Thank you for using the rating system to indicate that your question was resolved (and thanks for the rating). It makes the forum more useful when people can read a question and can know that they will read responses that resolved the question.


HTH


Rick

dmcushing Mon, 02/25/2008 - 10:37
User Badges:

Your point is well taken. We are migrating to keep the L2 off the core and this migration from the 2821's to the 3750's was part of the recommendation.


I will see if they can provide stats, we have a design meeting coming up - I was hoping that I would be able to go to the meeting armed :)


I don't disagree with re-architecting in the manner that we are. In the long run I think it will be a superior model - I just don't want to find out that our bottleneck is going to be the 3750's which will be handling our core traffic along with core routing.

Joseph W. Doherty Mon, 02/25/2008 - 19:58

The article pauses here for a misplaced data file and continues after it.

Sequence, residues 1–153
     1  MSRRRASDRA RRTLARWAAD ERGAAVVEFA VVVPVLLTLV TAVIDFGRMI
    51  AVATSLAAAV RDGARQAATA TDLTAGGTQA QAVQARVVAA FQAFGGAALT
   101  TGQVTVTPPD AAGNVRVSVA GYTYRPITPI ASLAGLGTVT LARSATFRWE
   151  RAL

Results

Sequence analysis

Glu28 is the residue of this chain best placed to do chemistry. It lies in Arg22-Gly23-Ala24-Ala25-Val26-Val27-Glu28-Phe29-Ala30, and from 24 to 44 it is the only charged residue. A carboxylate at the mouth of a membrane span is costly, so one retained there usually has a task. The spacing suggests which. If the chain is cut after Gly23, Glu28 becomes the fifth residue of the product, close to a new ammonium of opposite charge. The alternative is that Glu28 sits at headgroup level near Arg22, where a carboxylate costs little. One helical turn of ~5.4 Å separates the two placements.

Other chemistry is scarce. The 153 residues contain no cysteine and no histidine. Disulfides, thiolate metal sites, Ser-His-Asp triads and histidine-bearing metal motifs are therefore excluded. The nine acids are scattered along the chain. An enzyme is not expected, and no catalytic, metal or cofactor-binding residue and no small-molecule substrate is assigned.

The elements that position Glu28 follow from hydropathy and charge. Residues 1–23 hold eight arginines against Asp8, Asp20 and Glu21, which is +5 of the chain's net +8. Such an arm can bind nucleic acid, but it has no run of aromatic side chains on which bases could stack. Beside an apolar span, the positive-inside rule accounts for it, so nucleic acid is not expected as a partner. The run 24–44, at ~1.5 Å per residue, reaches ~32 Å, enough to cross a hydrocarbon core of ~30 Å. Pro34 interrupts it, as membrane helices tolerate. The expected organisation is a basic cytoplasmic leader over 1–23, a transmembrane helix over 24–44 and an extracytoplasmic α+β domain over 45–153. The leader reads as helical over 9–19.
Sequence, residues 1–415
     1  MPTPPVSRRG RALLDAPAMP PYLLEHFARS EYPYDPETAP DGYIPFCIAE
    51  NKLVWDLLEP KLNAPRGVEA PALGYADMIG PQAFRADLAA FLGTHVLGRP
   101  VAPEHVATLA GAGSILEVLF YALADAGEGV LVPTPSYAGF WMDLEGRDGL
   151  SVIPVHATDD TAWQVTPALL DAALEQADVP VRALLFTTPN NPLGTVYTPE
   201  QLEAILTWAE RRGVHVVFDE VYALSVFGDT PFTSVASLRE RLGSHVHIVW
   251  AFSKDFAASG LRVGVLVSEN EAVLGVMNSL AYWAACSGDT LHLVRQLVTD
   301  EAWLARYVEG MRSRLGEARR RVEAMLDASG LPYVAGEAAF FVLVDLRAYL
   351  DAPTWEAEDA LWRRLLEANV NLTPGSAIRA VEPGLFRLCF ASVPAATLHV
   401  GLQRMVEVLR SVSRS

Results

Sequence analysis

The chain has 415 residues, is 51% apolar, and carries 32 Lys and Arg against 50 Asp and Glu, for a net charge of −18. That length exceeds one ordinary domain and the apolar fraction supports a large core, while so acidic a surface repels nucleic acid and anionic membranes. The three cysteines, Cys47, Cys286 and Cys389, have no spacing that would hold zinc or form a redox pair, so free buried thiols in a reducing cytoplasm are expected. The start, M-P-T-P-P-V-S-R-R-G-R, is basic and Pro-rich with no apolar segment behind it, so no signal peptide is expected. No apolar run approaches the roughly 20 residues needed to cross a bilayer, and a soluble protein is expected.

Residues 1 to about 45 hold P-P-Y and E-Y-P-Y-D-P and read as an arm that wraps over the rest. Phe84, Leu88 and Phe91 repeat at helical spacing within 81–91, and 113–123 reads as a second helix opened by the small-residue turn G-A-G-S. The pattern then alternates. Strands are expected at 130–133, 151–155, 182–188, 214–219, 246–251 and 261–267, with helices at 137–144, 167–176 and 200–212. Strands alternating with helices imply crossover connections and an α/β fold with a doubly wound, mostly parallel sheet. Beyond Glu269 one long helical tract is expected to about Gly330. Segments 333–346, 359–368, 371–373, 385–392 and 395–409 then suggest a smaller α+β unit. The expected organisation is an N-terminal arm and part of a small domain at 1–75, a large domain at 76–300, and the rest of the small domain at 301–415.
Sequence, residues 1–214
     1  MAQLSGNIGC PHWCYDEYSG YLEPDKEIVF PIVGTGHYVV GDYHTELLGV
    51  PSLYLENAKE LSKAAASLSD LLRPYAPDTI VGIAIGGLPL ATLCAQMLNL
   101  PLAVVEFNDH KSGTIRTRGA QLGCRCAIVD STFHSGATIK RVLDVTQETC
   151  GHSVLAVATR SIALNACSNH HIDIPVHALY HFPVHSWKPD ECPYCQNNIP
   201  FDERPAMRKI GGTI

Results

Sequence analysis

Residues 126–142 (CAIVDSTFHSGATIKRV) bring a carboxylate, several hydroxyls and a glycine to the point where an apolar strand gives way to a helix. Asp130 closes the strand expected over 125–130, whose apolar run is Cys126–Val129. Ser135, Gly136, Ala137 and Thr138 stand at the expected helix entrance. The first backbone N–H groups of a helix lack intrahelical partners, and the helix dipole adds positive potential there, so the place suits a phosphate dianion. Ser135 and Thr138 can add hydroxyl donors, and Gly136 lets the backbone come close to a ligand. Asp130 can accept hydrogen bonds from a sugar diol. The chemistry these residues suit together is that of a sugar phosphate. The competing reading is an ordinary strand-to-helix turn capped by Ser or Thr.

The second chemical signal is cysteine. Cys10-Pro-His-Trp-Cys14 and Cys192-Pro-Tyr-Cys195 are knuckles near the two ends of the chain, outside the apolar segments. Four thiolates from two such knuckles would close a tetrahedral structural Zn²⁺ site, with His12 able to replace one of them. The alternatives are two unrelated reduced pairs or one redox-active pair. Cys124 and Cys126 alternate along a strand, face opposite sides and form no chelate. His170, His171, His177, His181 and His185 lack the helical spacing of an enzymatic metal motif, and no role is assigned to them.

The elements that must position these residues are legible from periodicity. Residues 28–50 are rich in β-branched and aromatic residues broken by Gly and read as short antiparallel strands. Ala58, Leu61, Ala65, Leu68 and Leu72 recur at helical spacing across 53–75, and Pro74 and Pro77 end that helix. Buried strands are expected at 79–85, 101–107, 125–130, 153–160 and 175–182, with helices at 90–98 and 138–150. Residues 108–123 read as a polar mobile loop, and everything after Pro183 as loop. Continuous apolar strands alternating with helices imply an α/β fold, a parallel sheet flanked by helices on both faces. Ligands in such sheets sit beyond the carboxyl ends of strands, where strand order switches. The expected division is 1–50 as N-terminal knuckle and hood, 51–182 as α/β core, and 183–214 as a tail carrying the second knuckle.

User Badges:
  • Super Bronze, 10000 points or more

With regard to raw performance, no comparison. 2821 is published in the pdf provided by Edison at 170 Kpps. The 3750 series varies per model but tops out around 38.7 Mpps. (About 227 times more performance.)


With regard to features, software routers like the 2821 are much richer.


What I've found effective is using 3750s for (branch) LAN routing (and the LAN gateway) but additionally use software routers for WAN routing, sized for the relevant WAN bandwidth. The richness of the software router is useful when you step down from gig speeds to typical WAN speeds. I.e. no router on the stick, instead (small) LAN routers AND (small) WAN routers.


PS:

For your description of 1500 LAN clients, I would consider the 3750 a bit lightweight for a "core" router. Better (more than 2x faster) would be the 3750-E series but even it has some subtle limitations. Possibly even better, although with the loss of stacking, are the 4900 series. Their not much faster (excluding the recent 4900M) than the 3750-Es but they are basically a 4500 without the chassis (i.e. industrial strength IOS).


PPS:

If you don't need multiple units, the 3560 series (also -Es) cost less than similar 3750(-E)s. Given the choice of a pair of routers, e.g. distribution/core, I would prefer stacking. Pros and cons, but Cisco recent VSS technology sort of endorses the advantages of one virtual device vs. separate pairs.

Actions

This Discussion